Thursday, August 23, 2012

Fall Home Classes

Nothing quite like Vermont in September/October! I hope you can join us for a home class. Click on the links to read more about each class. 
Sept 21-24 The Beauty of Tools

         October 5-8 PMC Sterling Hinges: Wearable Pieces and Objects         

Saturday, August 11, 2012

News Update: Tear Away is Back

Since the phthalates were removed from polymer clay in 2008 I've been testing tear away with different brands and combinations of clay colors.  My stash of the original Sculpey III, which works beautifully for this process, is ever diminishing as I use it and share it with my classes.  As the hoard dwindles, I become more aggressive with my testing.  When I hear a rumor that a particular clay brand works, I try it.  Until now, nothing has yielded anything like the depth of relief I get in the tear away texture I make with the old Sculpey III.  Until now. 

Since removing the phthalates, the makers of polymer clay may have added another ingredient to the formula, and that's now responsible for my recent success. I don't know what's changed but I do know, since the phthalates were removed in '08, there have been occasional "adjustments" made to the formulas, both because I have heard it and because the changes in the clays are hard to mistake.  But it really doesn't matter: The clays stopped working for tear away for a while, now they have begun working just fine and I am ecstatic.

Recently I started a new round of methodical testing on 4 brands of polymer clay: Fimo (Classic and Soft), new Sculpey III (made after '08), CraftSmart (Michael's brand), and Premo.  I tested these 4 against the standard; tear away texture made with pre 2008 Sculpey III. Here are my results.

If the best tear away texture I've ever made with Sculpey III is a 10, tear away made with Premo metallic clay (gold, blue pearl, etc.) is an 7.5.  Tear away made with half and half Premo Gold and White (or half and half Blue Pearl and White) is an 8.5.  That's really, really good news.  It means the process originally developed by Gwen Gibson, the process that I have worked so hard to perfect and make dependable over the last 15 years is not dead (as previously thought) but quite alive!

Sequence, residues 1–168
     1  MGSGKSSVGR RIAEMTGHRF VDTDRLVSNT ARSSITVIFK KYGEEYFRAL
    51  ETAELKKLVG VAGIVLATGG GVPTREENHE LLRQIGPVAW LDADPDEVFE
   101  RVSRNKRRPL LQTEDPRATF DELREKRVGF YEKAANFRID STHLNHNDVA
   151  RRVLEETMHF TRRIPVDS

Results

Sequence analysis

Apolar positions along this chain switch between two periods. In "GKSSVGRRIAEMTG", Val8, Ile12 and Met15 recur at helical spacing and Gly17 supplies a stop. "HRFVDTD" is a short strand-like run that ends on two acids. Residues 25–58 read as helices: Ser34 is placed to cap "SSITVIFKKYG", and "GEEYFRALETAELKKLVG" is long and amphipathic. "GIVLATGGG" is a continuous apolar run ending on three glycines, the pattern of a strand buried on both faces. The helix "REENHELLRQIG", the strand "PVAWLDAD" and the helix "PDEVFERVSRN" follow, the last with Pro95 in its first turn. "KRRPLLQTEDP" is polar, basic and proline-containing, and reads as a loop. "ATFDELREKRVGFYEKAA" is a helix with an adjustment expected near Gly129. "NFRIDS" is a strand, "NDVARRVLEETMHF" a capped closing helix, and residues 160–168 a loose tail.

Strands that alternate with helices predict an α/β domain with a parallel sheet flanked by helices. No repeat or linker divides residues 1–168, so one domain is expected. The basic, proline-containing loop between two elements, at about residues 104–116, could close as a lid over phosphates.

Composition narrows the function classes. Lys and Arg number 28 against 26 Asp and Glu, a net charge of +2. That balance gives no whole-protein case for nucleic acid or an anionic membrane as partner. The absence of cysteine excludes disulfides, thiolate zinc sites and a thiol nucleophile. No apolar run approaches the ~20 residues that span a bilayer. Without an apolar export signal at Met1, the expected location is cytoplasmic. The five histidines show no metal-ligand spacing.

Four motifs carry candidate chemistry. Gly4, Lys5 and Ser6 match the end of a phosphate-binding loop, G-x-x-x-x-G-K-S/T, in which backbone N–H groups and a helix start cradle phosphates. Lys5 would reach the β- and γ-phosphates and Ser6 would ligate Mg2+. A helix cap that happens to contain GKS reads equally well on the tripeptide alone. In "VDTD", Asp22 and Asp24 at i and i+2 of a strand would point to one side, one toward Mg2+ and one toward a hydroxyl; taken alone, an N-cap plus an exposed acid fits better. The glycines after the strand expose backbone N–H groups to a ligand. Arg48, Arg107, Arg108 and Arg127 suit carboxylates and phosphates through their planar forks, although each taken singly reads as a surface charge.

What's the difference?  It's in the relief.  By that I mean good tear away has a deep enough relief to make good texture.  Part of my testing process is texturing PMC with the tear away because I can't really judge the tear away result without looking at the texture it makes. 
Pre '08 Sculpey III (left) and  Premo Gold (right)
Premo White (left) and pre '08 Sculpey III (right)

So, if you've got old pre '08, Scupley III, use it for tear away.  It's the best.  But if you don't, the news is good: Premo is the best of the clays for tear away.  Start with half and half Gold and White.  White and Pearl Blue are another excellent combination.  The more metallic you use in your blend the smoother the surface of the clay on your texture.  It's smoother but it's also more shallow.  I prefer the rougher texture and deeper relief I get with more white in my blend.

Other colors may work (I haven't tested each and every color) but this is a good start.

The process, briefly..why it's so great, why it's unique and shy we want to keep it alive.

What is tear away?  "Tear away" refers to a process for making textures for use with PMC, polymer clay or roll printing metal.  Briefly, after making a collage of images and printing them on plain paper I make a copy on heavy glossy paper on a canon copier that uses a toner cartridge (an HP Laser printer will give a useable but shallower result), cut out a piece of the image, burnish it onto rolled out polymer clay, wait 40-60 minutes (during which time I burnish at least twice), then tear the paper away.  During the "rest" period the toner on the copy will have bonded to the polymer clay so that when I tear it away everywhere there was toner there is a fine layer of polymer stuck to it creating a relief.  Once this paper is baked in an 275F oven for 20 minutes it is a wonderful texturing tool.  It's virtue over other texturing methods is that it's low relief (so I'm able to use less PMC), it's relatively quick and reflects my own esthetic because I'm either making drawings or cutting and collaging images.  It also has a particular quality to it; as a result of the tearing the surface has a rough-hewn quality that can't really be achieved through other means.  The pictures below show the depth of relief that can be achieved with the tear-away technique.
Lentil textured with tear-away (Polymer side)
Lentil textured with tear-away (PMC side)  Photos by D. Foulke

For more specific directions on this technique see my book, "Keum-Boo on Silver" available in my Etsy Shop: